English Language & Usage Stack Exchange is a question and answer site for linguists, etymologists, and serious English language enthusiasts. Join them; it only takes a minute:

Sign up
Here's how it works:
  1. Anybody can ask a question
  2. Anybody can answer
  3. The best answers are voted up and rise to the top

I am not sure if this word has multiple meanings, but I am using it in an architectural context. Classical orders have distinctive columns with distinctive capitals. However, when I say each style also has a distinctive entablature, I am guessing many readers won't know what what the word entablature means (I didn't). So next to the word 'entablature', I would like to put in parentheses a synonym or very short phrase that defines the word 'entablature'.

Essentially, my question boils down to: What is a synonym or very-short phrase for the word 'entablature'?

share|improve this question
up vote 3 down vote accepted

Here's a simple explanation of entablature:

In Classical architecture, the entablature is the upper portion of a building, above the columns and below the roof.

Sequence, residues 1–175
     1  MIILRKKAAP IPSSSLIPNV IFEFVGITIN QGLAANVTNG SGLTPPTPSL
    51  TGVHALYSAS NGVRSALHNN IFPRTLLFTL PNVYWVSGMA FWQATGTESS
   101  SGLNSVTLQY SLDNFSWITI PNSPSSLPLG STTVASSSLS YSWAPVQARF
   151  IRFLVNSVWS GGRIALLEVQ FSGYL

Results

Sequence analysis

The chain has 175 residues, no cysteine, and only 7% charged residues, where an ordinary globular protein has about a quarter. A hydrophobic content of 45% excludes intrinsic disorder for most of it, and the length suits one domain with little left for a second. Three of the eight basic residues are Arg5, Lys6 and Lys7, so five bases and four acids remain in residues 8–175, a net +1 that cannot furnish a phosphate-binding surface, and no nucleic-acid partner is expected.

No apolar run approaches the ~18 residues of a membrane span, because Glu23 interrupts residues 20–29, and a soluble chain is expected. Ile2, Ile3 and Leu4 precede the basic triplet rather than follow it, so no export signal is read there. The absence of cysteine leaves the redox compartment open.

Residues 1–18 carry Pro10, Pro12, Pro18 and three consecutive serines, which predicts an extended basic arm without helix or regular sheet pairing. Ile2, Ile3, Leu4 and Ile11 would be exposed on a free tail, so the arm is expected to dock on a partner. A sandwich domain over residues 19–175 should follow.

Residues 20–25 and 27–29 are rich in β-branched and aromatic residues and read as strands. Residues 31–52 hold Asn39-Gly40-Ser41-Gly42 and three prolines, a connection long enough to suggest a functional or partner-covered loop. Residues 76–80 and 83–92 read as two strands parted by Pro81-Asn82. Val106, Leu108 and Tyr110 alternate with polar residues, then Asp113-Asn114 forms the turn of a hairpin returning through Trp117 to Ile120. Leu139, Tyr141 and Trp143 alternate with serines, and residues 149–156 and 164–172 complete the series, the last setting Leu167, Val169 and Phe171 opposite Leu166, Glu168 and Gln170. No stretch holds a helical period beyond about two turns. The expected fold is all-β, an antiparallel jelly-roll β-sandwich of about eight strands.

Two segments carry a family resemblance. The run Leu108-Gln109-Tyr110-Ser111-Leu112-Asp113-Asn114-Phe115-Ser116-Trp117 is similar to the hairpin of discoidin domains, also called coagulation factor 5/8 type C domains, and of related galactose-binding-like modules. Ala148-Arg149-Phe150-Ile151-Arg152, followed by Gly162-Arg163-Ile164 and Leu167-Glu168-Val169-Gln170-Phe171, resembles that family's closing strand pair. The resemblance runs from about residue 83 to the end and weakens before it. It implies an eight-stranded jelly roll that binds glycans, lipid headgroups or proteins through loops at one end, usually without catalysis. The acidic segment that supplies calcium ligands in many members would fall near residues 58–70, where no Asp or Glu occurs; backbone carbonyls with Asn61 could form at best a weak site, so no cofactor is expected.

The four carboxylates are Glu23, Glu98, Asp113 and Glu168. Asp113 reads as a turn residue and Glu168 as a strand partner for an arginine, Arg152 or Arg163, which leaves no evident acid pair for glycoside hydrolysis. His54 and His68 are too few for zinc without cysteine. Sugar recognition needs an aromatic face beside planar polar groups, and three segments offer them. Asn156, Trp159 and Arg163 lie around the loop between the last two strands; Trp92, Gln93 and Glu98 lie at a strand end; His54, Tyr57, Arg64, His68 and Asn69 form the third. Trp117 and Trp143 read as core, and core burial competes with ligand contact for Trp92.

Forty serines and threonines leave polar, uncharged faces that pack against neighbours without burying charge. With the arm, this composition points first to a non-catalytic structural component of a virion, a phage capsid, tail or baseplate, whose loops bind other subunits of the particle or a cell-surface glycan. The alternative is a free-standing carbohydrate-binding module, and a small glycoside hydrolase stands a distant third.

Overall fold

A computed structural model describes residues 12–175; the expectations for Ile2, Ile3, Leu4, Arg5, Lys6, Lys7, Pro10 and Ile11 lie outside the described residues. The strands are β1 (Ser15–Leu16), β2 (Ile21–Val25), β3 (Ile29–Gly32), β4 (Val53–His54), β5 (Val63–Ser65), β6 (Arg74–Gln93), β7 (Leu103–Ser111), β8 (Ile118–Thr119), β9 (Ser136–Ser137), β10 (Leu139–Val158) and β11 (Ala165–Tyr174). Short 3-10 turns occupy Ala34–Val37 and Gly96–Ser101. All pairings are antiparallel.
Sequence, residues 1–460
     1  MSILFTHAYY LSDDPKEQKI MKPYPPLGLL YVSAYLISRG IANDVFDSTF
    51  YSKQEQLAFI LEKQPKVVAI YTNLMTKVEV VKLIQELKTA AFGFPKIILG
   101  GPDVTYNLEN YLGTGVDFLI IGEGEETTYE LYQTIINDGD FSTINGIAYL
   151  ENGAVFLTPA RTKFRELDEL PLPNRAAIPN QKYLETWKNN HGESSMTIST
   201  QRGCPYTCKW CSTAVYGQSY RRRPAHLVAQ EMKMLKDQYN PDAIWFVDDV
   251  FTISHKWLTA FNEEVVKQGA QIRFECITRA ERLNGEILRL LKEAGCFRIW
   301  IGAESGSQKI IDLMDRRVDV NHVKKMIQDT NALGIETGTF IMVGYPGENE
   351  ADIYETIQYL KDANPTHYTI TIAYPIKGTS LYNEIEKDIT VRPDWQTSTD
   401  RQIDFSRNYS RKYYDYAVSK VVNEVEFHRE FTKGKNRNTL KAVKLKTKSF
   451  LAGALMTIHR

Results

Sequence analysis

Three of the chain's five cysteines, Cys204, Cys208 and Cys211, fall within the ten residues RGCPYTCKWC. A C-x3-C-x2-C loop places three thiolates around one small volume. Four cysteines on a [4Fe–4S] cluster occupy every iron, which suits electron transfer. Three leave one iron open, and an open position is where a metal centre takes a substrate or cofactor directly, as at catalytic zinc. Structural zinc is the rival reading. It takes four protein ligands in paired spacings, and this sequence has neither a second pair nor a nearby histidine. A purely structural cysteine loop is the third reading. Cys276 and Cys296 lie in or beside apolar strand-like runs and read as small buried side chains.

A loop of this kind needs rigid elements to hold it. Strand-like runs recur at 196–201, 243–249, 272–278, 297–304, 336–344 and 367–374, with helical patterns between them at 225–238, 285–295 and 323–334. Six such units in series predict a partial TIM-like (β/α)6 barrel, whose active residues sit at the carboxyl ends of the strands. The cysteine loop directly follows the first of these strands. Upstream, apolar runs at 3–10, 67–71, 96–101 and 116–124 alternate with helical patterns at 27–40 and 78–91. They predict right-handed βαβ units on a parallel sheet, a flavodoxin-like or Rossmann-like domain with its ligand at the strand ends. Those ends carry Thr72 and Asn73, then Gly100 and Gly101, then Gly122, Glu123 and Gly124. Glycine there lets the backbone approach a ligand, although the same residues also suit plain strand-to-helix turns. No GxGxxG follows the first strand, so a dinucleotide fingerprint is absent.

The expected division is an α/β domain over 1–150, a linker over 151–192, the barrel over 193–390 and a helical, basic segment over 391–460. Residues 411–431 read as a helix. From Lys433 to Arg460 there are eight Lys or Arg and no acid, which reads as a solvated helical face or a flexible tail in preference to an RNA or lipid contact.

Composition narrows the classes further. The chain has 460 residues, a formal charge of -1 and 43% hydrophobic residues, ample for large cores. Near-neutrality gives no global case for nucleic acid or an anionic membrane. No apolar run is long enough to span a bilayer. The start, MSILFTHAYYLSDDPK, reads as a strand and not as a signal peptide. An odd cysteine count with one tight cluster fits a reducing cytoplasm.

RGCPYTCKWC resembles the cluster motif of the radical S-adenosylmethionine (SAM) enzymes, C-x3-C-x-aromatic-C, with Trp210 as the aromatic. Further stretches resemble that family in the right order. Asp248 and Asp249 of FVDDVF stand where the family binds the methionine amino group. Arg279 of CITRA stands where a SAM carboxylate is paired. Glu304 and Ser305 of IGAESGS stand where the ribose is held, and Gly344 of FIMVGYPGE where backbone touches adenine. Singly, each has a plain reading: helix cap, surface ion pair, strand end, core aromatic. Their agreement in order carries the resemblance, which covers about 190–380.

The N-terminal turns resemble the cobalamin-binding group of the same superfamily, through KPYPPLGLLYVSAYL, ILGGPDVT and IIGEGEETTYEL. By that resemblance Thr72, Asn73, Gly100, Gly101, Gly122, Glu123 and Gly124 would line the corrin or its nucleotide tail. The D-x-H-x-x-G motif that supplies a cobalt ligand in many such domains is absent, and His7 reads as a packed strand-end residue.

Entablature usually consists of a main beam called the architrave, a wide central part, often decorated, called the frieze, and a top molding called the cornice.


share|improve this answer

There isn't really a synonym, but you can give a short list of example types rather than an alternate word (lintel, architrave, frieze, cornice, etc.) in the running text to give the reader a hint, and perhaps add a more complete definition in a footnote.

share|improve this answer
This is a seriously good idea – Thursagen Jul 2 '11 at 5:08

How about "upper façade"? That's not precise, but it conveys the right idea.

share|improve this answer

For someone who doesn't know what an entablature is, which I didn't before tonight, I think using cornice, frieze, and architrave is not going to help, although it would work for people who are familiar with architecture. Being largely ignorant of architecture myself, I'd describe it personally as an upper border or roof facing.

share|improve this answer

Your Answer


By posting your answer, you agree to the privacy policy and terms of service.

Not the answer you're looking for? Browse other questions tagged or ask your own question.